Birds Are People Too
by Amy Lignor
More and more data is being collected in regards to the coexistence of humans and wildlife, yet it’s important to keep in mind that the wildlife above also need to be cared for in order to make sure that the variety of species do not disappear.
There are many ways to discover how best to help a baby bird, whether it’s fallen from the nest or is wandering the windowsill. But always remember that old saying about “mom knowing best.” In other words, even if you may not see one of the parents, they are probably near. And if you creep too close to either the baby or its nest, the parents will come back from foraging and not come anywhere near their child. In other words, wait and watch from a distance for at least one hour before taking action! You can then gently place the bird on a low tree branch, or in a small nearby bush for protection and make that call to your local refuge so the bird can be picked up and taken care of by absolute professionals.
But when it comes to coexistence and not the actual saving of an animal or bird, issues can crop up; like how best to protect the backyard fruit trees, garden or vegetables. It’s true that a great many species of birds eat the unwanted insects but they can also destroy fruit and vegetable crops, so by placing things like plastic owls, aluminum foil flags, or even wind chimes nearby, the birds will be scared away.
If you’re worried about a nest being built in the house, placing wire over the top of the chimney in the wintertime stops that springtime nesting of your new neighbor. And if the sun’s glare on windows have the birds hitting the panes, you have to understand that they are not trying to cause you or the house harm. The sun’s reflection simply has them being birds, protecting their territory by attacking the “mirror” image they see. Closing curtains, placing bird silhouettes, statues or even decals on your windows will prevent this issue immediately.
When it comes to the “birds of prey,” humans must also educate themselves on the species in order to best protect the house, windows, etc. These particular birds are hunters at heart. From the hawks to the eagles to the falcons, and so on, they soar with grace, one is even a symbol of the U.S. of A. and should definitely not be harmed.
Birds and people are a great deal alike, considering we are both sight-oriented creatures. The dominant sense organs are the eyes, and most birds have binocular vision in order to be able to successfully hunt down their dinner.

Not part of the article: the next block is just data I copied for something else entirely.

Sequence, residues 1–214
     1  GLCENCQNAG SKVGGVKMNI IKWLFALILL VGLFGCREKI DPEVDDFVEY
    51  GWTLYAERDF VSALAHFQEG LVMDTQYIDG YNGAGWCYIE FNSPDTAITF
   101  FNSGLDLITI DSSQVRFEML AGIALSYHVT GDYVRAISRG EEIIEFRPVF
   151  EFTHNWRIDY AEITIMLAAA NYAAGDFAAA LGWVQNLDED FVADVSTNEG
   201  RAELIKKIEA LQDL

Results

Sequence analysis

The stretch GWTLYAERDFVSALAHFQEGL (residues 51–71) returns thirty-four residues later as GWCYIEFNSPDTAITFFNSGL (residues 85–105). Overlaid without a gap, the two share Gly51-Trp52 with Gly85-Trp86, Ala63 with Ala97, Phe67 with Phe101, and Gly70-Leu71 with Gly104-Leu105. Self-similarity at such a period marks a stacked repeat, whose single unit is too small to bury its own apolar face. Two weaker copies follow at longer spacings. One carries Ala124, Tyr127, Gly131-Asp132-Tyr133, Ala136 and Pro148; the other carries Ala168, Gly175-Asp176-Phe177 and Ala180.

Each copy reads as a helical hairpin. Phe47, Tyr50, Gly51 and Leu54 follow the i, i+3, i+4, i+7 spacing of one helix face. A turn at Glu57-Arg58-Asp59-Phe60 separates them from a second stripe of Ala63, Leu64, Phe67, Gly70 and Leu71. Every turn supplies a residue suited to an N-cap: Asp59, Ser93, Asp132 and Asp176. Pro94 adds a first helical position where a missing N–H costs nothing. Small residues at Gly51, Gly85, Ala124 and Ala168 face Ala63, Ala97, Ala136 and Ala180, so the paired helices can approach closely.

These bird species are under a great deal of threat. Ingestion of poison and insecticides through their prey have greatly and negatively affected the breeding success of many varieties. In addition, the encroachment on their habitat has also reduced territories and changed the environment from one where they thrived to many that are highly polluted.
Another bird to look at closely and try to save is the owl. From myths to legends, this is one bird that’s portrayed as wise – a wizard of sorts that knows all. It was Harry Potter actually that brought back the talk of owls as being fascinating creatures that carried scrolls in their talons to deliver to a legendary castle.
But while the owl makes a perfect mythical pet, they are not so easy in everyday life. Although the creature may be looked at as adorable, the owl is actually extremely dangerous. Being birds of prey, they rely on their freedom, so even attempting to keep an owl as a pet is a bad idea. Food resources are limited and the odds for the owl’s survival become slim to none.
Eighteen species of owls are found in North America, with life spans of 15-30 years. Barn owls are found near humans in farms, stadiums and other open structures. The Burrowing Owl, which weighs only ¼ pound, is one species at risk of disappearing from the South Bay. Their large yellow eyes are watching the land they live in going from open flatland with short grass to development projects every few feet.
In order to make homes for these neighbors, owls require nesting sites and protection due to the constant building. Setting up nesting boxes, whether homemade or purchased, can be found on a variety of websites, and should be placed in locations similar to the owls’ natural habitat. With drainage holes and sawdust in the bottom, owl lovers will be thrilled to save as many as they can.
Planting gardens with nectar-rich flowers, shrubs, and trees can help replace lost habitats for many other bird varieties, such as the hummingbird. But when all is said and done, there are those out there volunteering and working diligently to help rehabilitate and release birds with the help of highly-trained individuals.
So while humans build that coexistence with the natural world, let us just make sure to remember that birds are “people” too!
Source: Baret News